City of Ukiah, California

Police Department

Safety · Professionalism · Community Service

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    Reduce Crime and the Fear of Crime

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    Improve Quality of Life in Our Neighborhoods

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    Enhance Community & Police Partnerships

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    Develop our Personnel

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    Continued Accountability

Keeping Our Children Safe

Like everyone else, we here at the Ukiah Police Department (UPD) were shocked and dismayed over the senseless and horrific school shooting that occurred Friday in Newtown, Connecticut. Like Ukiah, Newtown is a small town of about 30,000 people.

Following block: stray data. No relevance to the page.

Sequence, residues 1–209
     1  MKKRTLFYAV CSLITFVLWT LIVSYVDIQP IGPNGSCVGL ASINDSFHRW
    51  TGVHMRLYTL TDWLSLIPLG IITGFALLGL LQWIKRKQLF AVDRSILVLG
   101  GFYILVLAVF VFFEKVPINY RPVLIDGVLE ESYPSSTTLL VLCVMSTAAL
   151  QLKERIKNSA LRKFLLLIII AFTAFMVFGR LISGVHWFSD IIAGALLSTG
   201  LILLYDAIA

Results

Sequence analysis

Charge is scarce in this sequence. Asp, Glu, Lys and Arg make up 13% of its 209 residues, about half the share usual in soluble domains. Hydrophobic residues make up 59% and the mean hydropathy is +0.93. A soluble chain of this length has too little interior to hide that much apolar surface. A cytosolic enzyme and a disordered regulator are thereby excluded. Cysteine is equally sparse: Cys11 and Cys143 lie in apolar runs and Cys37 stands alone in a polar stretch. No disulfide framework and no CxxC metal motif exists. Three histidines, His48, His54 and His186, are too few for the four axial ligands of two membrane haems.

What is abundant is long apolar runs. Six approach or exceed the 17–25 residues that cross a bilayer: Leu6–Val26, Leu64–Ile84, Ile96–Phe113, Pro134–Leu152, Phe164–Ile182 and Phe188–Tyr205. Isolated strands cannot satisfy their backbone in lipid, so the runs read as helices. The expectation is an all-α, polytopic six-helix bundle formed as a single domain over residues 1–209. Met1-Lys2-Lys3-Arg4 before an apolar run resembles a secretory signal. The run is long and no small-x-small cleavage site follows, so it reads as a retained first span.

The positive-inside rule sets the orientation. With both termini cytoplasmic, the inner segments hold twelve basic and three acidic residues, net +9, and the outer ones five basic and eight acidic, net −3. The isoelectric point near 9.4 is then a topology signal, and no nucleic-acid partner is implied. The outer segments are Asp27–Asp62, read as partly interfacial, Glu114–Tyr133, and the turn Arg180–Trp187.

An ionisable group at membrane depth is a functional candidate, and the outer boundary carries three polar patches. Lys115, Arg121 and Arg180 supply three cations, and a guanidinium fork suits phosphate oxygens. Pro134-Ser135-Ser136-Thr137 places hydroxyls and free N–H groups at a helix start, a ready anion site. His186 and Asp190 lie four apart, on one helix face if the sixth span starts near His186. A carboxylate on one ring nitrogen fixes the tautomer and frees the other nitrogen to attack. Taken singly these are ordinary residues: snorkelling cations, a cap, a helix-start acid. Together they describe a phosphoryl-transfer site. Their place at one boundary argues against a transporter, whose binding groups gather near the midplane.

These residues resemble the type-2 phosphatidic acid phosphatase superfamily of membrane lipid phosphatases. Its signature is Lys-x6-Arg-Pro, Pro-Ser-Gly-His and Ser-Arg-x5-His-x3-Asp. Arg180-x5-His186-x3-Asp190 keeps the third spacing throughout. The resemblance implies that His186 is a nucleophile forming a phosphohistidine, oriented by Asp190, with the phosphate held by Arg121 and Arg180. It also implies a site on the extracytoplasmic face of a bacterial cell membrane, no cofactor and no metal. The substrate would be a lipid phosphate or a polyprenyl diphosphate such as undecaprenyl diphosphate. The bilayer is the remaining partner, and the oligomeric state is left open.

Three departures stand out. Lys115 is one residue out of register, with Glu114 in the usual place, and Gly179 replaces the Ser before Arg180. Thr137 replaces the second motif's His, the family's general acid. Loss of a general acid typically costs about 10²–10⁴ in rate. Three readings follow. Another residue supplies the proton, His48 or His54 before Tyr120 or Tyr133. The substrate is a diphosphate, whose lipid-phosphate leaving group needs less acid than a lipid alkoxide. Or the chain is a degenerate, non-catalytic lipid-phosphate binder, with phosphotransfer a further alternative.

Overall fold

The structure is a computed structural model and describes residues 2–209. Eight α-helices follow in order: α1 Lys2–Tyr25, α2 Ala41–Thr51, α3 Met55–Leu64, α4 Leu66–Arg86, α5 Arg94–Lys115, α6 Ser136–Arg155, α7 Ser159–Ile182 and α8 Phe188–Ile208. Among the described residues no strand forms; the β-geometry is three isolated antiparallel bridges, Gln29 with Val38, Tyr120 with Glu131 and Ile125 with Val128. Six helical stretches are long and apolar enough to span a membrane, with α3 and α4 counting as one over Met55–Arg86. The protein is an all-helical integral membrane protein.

We all feel an overwhelming grief about this event, and our thoughts and prayers go out to the people and families affected by this senseless violence. 

In events like these, no matter where they are, our first instinct is to protect children from harm. Even if they are not our own children, we want to do everything we can to support and uplift those who are directly impacted by the tragedy.

I want to reassure everyone in Mendocino County that UPD and all local law enforcement agencies in our community (including the California Highway Patrol, Willits Police Department, Fort Bragg Police Department, Sheriff’s Office, and County Probation Officers) practice often to confront these types of events.

Between 2007 and 2010, we trained at Ukiah High School. In 2010 and 2011, we trained at the Ukiah Fairgrounds; and just last week, our officers trained at the closed Redwood Valley School. Our goal is to make sure we in law enforcement are as prepared as possible to respond to these horrific events.

Along with our officers, local schoolteachers and administrators also train regularly to prepare for this type of an event.